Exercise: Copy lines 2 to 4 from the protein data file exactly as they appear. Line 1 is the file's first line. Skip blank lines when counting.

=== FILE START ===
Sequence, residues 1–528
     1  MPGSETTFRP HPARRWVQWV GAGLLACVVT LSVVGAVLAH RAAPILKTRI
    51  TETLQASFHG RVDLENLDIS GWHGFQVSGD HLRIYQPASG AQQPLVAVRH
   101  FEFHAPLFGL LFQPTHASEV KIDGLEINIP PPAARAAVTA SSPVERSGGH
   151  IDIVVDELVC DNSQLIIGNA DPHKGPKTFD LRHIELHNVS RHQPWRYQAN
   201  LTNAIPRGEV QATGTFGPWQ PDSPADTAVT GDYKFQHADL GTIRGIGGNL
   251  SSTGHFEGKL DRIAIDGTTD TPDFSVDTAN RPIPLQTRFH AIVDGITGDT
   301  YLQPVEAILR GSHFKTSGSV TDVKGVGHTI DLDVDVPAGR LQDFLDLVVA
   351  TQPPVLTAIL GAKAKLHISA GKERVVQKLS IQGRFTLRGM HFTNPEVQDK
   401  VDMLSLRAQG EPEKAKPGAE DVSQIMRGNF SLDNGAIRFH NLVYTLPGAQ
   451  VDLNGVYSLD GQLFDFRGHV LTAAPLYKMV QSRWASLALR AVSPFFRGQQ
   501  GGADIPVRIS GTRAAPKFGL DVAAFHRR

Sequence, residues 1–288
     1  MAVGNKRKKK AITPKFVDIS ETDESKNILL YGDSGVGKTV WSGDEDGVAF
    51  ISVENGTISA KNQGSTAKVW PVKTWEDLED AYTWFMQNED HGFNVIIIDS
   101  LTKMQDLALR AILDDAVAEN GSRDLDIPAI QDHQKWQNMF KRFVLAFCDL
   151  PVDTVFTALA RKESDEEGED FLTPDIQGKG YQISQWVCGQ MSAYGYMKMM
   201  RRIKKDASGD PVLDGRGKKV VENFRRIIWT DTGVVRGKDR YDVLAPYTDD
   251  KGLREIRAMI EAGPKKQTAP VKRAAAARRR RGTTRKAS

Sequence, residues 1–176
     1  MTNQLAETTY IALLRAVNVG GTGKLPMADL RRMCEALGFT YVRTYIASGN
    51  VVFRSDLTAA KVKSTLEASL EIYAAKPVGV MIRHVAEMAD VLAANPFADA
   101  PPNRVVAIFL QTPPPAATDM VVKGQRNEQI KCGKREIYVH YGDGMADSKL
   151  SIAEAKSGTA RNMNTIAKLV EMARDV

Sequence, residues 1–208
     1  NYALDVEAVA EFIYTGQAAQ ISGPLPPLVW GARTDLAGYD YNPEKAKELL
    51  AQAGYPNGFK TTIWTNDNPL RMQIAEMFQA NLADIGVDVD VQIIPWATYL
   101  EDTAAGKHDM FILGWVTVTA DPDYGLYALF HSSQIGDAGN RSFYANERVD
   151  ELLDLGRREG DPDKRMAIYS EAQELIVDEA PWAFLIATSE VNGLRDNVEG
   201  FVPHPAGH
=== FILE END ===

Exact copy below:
     1  MPGSETTFRP HPARRWVQWV GAGLLACVVT LSVVGAVLAH RAAPILKTRI
    51  TETLQASFHG RVDLENLDIS GWHGFQVSGD HLRIYQPASG AQQPLVAVRH
   101  FEFHAPLFGL LFQPTHASEV KIDGLEINIP PPAARAAVTA SSPVERSGGH